It is impossible in this day and age to promote a lifestyle that is simple and God-centered. Everything is driven by economic growth and the consumption that is necessary to drive it. But this turns the entire world into a vast, waste-producing wasteland. The world is consuming itself at such a pace, it is almost frightening how the progress of mankind seems to be undercutting the very things — the water, the natural foods, the air — that are at the basis of human life itself.

As the human society continues on this mad march to anxiety and self-destruction, it is necessary right now, at this very moment, to create human sanctuaries where some semblance of the harmonious lifestyle with nature can be retrieved.

Indeed, the economic development should be used to create such havens for those who are hungry for a contemplative lifestyle. In the past, the kings and wealthy merchants would support the sages who lived in the tapo-vanas and protected them from the need of competing like animals for the basic necessities of life, and where they could cultivate the things of the spirit.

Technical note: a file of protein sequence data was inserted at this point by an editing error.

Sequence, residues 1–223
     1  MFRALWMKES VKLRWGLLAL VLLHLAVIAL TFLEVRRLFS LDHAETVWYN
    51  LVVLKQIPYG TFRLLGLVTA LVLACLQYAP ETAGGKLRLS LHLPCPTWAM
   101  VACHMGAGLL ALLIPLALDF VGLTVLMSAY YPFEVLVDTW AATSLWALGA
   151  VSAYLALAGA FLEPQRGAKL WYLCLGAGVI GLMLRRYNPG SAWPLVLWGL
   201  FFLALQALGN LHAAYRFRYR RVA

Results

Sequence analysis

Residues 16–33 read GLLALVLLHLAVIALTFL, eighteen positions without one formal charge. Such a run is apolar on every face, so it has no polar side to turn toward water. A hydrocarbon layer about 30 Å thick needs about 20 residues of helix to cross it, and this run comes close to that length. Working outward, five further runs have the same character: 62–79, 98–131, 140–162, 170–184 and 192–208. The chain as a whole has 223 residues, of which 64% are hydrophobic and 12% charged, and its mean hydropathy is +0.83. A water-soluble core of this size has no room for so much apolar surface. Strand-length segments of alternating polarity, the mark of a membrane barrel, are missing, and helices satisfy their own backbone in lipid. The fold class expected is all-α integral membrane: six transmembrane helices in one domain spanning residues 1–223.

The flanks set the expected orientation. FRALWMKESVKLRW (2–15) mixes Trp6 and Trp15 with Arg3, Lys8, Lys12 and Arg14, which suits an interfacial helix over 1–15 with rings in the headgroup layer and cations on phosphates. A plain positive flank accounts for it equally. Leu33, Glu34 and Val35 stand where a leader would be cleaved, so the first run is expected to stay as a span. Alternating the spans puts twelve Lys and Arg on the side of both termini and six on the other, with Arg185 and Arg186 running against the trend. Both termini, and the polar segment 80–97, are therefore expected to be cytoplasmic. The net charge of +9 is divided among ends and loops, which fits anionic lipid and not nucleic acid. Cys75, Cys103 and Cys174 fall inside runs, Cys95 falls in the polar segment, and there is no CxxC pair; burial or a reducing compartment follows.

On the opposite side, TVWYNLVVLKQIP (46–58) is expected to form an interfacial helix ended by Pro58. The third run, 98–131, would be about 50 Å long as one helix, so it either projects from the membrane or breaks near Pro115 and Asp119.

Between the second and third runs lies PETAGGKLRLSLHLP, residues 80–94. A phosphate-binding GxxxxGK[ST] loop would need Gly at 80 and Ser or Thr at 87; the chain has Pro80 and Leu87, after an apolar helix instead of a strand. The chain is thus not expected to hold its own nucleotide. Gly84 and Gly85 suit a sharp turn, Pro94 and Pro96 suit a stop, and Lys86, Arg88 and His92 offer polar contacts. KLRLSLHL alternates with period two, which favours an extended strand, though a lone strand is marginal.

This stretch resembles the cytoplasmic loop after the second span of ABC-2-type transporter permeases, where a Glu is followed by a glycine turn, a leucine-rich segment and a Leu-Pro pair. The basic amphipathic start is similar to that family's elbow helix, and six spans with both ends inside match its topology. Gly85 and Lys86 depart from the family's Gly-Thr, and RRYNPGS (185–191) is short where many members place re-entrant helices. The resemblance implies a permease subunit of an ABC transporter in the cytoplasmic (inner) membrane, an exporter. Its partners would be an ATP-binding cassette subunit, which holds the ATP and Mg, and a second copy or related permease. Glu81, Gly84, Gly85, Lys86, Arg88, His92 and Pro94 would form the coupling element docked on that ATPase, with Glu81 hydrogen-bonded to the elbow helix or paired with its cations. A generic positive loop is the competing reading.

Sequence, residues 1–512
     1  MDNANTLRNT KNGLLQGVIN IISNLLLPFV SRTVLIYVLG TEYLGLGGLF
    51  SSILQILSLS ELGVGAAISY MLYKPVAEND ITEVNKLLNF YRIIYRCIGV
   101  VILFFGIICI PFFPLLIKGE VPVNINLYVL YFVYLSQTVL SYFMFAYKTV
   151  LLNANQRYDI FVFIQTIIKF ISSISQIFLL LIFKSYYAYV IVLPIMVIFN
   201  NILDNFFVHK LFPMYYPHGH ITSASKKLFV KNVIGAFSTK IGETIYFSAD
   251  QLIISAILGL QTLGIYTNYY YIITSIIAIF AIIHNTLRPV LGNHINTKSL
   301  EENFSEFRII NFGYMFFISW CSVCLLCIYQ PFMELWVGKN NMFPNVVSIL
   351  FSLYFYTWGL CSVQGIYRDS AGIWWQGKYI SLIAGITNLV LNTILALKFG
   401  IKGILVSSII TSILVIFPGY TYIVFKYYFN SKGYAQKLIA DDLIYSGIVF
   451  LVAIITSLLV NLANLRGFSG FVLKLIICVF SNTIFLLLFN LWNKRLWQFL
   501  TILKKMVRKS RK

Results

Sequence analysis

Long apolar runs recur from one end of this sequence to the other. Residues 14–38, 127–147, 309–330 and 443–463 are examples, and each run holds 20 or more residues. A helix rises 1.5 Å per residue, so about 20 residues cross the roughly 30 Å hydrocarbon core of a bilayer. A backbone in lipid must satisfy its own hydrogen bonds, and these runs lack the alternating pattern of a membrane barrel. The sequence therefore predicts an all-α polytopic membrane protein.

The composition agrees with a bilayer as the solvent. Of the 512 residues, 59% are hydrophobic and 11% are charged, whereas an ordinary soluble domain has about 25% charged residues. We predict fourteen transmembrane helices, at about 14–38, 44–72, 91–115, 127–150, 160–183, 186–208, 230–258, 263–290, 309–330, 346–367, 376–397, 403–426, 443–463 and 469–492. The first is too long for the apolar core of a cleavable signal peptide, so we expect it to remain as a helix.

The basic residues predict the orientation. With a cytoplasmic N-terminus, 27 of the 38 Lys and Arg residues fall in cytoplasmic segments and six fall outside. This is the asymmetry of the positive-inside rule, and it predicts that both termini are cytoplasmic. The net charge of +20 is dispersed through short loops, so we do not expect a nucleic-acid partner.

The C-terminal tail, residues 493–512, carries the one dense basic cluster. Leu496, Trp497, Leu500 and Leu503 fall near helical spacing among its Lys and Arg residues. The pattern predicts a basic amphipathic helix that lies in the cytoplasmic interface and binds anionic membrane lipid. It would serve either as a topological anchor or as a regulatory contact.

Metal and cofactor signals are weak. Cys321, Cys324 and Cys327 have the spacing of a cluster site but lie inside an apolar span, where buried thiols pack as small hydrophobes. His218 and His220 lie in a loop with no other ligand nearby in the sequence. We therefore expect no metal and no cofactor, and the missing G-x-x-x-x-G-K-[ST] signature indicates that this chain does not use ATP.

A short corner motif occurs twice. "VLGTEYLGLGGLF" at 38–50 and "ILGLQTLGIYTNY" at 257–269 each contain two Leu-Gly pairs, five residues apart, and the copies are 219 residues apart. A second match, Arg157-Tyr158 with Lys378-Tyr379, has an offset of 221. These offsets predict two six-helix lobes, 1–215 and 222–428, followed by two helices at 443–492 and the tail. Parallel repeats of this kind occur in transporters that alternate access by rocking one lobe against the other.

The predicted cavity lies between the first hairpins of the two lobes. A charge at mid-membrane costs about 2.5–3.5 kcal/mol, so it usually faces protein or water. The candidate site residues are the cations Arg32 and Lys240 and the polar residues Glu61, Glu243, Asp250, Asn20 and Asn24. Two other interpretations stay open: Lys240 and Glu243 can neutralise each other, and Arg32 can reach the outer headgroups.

This verse does not mention bhakti, or even Radha and Krishna, the presiding deities of Vrindavan. But Vrindavan is archetypal nature. It is nature that has been brought into harmony with the needs and desires of humanity through a compassionate stewardship. The climate is favorable. If the Yamuna can be saved from the abuse that industrialization and overpopulation inflict upon it, it may be possible once again.

Sing the glories of God’s gifts in the form of the natural world as manifest in Vrindavan, and recreate Vrindavan as God-as-man’s playground. This is the ground zero of the spirituality that will reform mankind’s destiny, if we can only unlock its secrets. If we can only recognized that millions of lifetimes of chewing the chewed is not worth even five minutes of the tapo divyam, the divine austerity of living in the Dham.